On January 30, State Senator Chris McDaniel of Jones County announced his third statewide attempt for higher office; this time for Lieutenant Governor. McDaniel is no stranger to uphill battles. He forced well respected and longtime US Senator Thad Cochran into a runoff back in 2014. While McDaniel ended the primary in first place with 49.5% of the vote, his failure to get the required 50%+1 forced him into a runoff where he lost to Thad Cochran by a mere two percentage points.
A popular incumbent faces a firebrand challenger
This time, McDaniel is also challenging a statewide institution and popular incumbent in Delbert Hosemann. Hosemann, known for his fun and quirky advertisements of an elderly woman mispronouncing his name, is one of the most popular elected officials in the state. While Tate Reeves won in 2019 by a mere 5.5%, Delbert ran the table and defeated his opponent by 20 points. However, he may be in for the fight of his political life against Chris McDaniel who, while divisive, brings with him a passionate and excited grassroots base eager to get him elected.
While the race has only just begun, it has already gotten nasty. McDaniel railed against Hosemann for appointing Democrats to committees in the state senate, his endorsement of Mitt Romney in 2012, and his refusal to go along with Tate Reeves’ and the House Republicans’ plan to eliminate the state income tax. Delbert, on the other hand, is casting McDaniel as someone who hasn’t accomplished anything during his time in public office. After McDaniel’s announcement, the Hosemann campaign released a statement calling McDaniel “the least effective politician with the largest ego in the state.” Hosemann also touted legislative successes such as implementing voter ID, cutting the state income tax, and passing a teacher pay raise.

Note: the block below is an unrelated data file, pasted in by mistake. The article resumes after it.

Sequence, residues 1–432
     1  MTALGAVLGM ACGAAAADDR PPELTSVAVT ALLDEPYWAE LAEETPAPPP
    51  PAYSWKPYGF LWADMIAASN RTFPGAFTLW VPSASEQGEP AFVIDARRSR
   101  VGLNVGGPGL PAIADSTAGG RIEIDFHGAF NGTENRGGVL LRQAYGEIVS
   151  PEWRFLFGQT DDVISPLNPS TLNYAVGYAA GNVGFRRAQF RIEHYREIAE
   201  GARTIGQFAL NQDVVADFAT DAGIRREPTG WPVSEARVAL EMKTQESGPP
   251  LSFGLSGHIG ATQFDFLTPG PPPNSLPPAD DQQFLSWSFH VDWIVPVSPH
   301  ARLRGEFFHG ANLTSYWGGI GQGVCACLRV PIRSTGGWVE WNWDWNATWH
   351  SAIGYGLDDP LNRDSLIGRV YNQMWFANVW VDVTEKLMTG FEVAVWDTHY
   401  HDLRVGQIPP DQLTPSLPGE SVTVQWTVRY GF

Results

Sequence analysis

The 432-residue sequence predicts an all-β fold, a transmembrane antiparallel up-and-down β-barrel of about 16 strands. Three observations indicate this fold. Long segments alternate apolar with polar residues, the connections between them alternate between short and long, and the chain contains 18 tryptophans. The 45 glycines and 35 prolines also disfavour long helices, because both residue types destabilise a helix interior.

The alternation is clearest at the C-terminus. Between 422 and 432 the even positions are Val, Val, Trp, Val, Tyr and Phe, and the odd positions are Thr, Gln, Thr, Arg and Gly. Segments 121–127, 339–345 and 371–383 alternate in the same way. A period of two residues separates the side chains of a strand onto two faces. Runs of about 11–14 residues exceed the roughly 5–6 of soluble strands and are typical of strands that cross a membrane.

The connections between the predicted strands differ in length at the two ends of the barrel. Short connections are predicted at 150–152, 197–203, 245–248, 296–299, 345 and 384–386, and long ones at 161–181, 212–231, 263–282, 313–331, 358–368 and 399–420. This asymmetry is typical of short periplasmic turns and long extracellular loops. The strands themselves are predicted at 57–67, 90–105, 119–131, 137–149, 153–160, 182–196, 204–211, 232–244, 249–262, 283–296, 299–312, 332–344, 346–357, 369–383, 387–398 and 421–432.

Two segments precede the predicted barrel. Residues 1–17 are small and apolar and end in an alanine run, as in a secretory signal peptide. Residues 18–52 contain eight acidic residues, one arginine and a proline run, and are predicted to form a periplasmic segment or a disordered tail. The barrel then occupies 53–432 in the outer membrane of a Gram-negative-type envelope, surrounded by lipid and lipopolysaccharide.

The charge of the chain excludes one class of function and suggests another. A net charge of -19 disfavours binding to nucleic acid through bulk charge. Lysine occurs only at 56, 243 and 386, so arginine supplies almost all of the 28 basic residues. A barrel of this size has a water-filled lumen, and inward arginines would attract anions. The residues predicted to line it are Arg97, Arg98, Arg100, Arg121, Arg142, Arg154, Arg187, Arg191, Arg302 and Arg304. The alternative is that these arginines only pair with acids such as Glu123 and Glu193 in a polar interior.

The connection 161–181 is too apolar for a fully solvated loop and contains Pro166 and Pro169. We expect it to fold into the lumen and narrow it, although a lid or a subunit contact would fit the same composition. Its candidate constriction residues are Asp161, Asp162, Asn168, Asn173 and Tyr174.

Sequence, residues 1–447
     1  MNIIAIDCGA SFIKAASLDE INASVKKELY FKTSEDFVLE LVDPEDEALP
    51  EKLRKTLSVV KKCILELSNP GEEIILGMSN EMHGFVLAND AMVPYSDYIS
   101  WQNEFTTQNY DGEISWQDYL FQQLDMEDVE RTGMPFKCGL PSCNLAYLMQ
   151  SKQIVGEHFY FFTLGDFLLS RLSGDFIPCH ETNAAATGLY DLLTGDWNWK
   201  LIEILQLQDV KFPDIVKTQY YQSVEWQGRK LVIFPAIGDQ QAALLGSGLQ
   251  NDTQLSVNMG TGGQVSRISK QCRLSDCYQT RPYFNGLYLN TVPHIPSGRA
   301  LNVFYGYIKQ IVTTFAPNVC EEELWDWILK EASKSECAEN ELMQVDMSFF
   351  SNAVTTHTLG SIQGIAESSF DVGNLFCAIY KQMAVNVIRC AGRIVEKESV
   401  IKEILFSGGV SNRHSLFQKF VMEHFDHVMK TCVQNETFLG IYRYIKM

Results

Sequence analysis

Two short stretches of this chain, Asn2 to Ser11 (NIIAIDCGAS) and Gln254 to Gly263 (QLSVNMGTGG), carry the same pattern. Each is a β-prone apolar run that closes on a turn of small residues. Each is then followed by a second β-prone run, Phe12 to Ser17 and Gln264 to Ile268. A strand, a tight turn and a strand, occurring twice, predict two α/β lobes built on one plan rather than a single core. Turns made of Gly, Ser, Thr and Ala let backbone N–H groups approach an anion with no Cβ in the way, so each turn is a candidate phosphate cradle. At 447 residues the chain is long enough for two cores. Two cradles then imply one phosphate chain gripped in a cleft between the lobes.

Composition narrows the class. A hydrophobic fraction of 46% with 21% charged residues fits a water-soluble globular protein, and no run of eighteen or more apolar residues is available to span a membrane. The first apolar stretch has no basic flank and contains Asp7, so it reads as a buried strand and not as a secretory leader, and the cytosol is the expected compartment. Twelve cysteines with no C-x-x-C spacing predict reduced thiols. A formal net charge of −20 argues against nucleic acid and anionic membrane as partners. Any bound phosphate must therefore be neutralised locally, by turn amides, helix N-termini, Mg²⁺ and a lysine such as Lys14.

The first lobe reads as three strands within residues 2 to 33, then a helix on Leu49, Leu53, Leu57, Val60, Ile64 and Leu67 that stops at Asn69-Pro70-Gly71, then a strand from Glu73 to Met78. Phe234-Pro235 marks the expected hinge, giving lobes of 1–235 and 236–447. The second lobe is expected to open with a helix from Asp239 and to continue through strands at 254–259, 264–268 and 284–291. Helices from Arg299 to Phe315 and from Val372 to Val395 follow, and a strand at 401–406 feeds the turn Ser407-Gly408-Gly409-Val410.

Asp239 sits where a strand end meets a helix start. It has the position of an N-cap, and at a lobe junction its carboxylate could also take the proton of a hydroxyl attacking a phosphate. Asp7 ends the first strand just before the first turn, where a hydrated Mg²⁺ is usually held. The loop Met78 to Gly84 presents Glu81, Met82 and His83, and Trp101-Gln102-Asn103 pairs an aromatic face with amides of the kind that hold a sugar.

The Reeves factor
McDaniel in his previous runs has cast himself as the “anti-establishment” candidate. He is still gunning for this title, but what makes this time different is him extending an olive branch to certain voters who may be more inclined to support more establishment backed candidates. During his announcement speech, McDaniel talked about how he was a supporter of Tate Reeves and his agenda while Hosemann was blocking it. This puts Governor Reeves in an interesting position. He has frequently clashed with Hosemann over key parts of his agenda and would likely not shed too many tears in the event that Hosemann was not reelected. McDaniel, on the other hand, endorsed Reeves during a tough primary fight back in 2019. He even went so far as to campaign with Reeves during the closing days. While Reeves will likely stay out of the race, it is very telling that McDaniel is reaching out to his supporters in an attempt to rebrand himself.
This race also has very different stakes for McDaniel than his two previous statewide runs. During his 2014 and 2018 senate races, even in the event of losing, McDaniel was able to keep his state senate seat. He does not have that luxury this time. So the big question of this race is “will Chris McDaniel finally fulfill his dream of becoming a statewide office holder? Or will he see his political career finally come to an end?” Only time will tell.